Greatest Wildcats Jersey Countdown: #43

#43 Darren Sproles (RB) 2001-2004 (Others considered: Bill Butler, DeShawn Fogle)


Why?: While Bill Butler and DeShawn Fogle are mentioned as possible considerations for this spot, in truth, #43 will forever belong to Darren Sproles. The diminutive running back from Olathe struggled to receive any scholarship offers out of high school. His arrival on campus in 2001, was truly an afterthought. Most believed Carlos Alsup would the future great running back from this class, but Darren set out to prove the doubters wrong. Stories from fall camp started to emerge about a scout team running back no starter could tackle. By the start of the season, Sproles was quickly climbing the depth chart at running back, Sproles saw his first action against New Mexico State in the second game of the year, totaling 49 yards and 1 touchdown on just 4 carries. A shoulder injury in that game sidelined him for the next three games, but he would return and play in the following five games before sitting out the Missouri and Insight Bowl games. Sproles’ best performance of his freshman season was against Louisiana Tech, netting 66 yards on just 5 carries. He finished the year with 210 yards, good for second all-time by a freshman behind Roosevelt Duncan. Following the graduation of Josh Scobey, Sproles became the starter in 2002 and never looked back. 2002 saw him set a new record for single-season yardage with 1,465. By the end of that year he was already 9th all-time in career yards, and 10th all-time in career rushing touchdowns. That year he earned second team All-Conference honors and received Honorable Mention All-America notice from the College Football News. By all measures, 2003 was a special year for the Cats, and Sproles was no exception. He flat-out dominated opposing defenses, netting 1,986 yards on the year, shattering his own single-season record for yardage. By then he was already the all-time rushing leader, being the only running back to record more than 3,000 yards rushing in a career. Sproles was spectacular in the Big XII title game. He recorded 235 yards rushing in the game, an effort overshadowed by Ell Roberson’s 4 passing touchdowns, one of which was a 60 yard screen pass to Sproles. Sproles finished that season with first team All-Conference and All-America honors, as well as being the runner-up for the Doak Walker Award as the nation’s top running back, and finishing 5th in the Heisman Trophy voting. Sproles remains the only K-State running back to be a finalist for the Doak Walker Award. 2004 was a step back in every way for the Cats. Despite Sproles rushing for the third highest total in one season in school history, Wildcats failed to make a bowl game. Sproles ended his career with another first team All-Conference honor. Sproles was selected in the 4th round of the NFL Draft by the San Diego Chargers, before moving on to the Saints and Eagles where he finally got himself a Super Bowl ring. Sproles ended his NFL career this past season, having racked up the 5th highest career total all-purpose yards in NFL history, and of course a spot on the K-State Ring of Honor.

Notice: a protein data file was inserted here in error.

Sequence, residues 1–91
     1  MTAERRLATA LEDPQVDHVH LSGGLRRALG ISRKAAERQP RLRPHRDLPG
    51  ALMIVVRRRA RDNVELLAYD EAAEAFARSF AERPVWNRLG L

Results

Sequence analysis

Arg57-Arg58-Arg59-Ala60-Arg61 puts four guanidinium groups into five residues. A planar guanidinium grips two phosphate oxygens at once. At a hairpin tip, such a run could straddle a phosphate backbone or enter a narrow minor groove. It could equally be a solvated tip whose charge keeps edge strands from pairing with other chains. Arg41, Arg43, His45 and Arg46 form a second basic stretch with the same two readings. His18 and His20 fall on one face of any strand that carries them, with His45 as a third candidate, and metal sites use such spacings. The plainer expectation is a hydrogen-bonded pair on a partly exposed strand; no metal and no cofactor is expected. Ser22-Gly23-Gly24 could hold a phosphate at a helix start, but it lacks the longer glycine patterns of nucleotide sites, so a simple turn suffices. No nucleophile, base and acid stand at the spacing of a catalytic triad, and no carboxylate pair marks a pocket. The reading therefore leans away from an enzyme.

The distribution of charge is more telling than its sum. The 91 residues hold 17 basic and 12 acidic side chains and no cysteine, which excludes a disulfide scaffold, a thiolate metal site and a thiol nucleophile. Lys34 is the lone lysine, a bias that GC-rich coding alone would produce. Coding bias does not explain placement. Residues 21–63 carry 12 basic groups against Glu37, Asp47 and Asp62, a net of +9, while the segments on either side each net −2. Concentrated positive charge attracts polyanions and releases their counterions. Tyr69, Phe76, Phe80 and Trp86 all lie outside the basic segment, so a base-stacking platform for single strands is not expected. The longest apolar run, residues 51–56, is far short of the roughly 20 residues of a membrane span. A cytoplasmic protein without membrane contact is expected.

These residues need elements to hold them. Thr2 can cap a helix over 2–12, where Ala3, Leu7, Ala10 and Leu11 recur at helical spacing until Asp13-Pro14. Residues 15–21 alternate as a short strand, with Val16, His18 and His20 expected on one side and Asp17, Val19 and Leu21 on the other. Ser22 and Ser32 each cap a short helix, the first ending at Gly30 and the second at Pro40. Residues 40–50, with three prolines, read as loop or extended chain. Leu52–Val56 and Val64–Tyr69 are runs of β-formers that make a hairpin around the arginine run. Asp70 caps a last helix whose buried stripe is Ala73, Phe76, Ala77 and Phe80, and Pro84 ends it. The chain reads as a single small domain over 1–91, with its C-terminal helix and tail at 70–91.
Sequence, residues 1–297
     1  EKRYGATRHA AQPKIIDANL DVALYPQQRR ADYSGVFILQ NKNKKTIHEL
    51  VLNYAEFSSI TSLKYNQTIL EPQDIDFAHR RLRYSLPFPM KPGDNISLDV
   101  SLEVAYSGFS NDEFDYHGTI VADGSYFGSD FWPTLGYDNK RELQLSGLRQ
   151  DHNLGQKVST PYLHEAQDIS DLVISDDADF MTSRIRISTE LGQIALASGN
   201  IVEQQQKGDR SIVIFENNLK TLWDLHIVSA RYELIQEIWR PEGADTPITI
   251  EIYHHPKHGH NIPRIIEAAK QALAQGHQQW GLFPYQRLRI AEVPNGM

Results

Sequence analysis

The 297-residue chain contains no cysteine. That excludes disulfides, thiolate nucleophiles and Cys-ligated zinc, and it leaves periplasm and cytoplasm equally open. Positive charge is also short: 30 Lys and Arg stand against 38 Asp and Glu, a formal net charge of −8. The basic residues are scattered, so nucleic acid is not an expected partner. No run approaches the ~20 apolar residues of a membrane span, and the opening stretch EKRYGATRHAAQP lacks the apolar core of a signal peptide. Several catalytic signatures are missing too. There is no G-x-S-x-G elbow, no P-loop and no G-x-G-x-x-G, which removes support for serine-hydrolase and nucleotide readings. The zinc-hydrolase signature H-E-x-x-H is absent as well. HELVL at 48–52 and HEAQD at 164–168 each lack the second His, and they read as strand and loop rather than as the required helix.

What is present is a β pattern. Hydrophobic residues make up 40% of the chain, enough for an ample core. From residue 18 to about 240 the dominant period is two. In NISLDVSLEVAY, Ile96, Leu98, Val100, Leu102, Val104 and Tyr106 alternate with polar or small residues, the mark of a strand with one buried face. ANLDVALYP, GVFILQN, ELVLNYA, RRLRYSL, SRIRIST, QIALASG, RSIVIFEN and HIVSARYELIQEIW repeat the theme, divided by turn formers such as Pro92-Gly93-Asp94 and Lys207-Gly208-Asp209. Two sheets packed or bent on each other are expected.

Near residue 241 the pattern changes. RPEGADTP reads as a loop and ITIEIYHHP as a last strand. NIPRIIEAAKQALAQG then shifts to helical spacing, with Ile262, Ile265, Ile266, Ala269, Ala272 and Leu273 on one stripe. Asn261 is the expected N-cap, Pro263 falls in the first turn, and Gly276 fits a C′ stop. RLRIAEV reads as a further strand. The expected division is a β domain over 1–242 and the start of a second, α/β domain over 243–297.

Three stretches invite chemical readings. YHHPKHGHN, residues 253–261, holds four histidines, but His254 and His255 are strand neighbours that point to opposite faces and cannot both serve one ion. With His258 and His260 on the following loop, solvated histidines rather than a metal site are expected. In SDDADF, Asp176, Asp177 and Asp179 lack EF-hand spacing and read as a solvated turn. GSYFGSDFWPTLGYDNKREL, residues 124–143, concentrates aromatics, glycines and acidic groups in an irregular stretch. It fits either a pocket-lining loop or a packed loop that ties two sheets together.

Career Numbers;

Rushes: 815

Yards: 4,979

YPC: 6.1

TDs: 45

Most Memorable Play: There are so many to choose from, but one definitely stands out. Facing Oklahoma in the 2003 Big XII title game, the Cats were on their heels from the start. Trailing by 7 at the start of the second quarter, Snyder called for a toss play to Sproles. Derrick Strait knifed into the backfield looking to level Sproles for a huge loss. Sproles demonstrated his impressive ability to shake off tackles by spinning out of Strait’s diving tackle, and racing 55 yards down the sideline before being knocked out of bounds. That play proved to be the spark the Wildcats needed; as they went on to win 35-7 with Sproles recording one of the touchdowns.

Current Player on the Roster Wearing #43: Jack Blumer– Sophomore P

Odds to Replace Sproles on This List: 0%. Nope, not happening. Blumer would have to win the starting spot this year, then go on to win the Ray Guy Award every year and be a three time consensus all-american before I would even entertain the idea that he could be listed here. This one likely belongs to Sproles for all-time.

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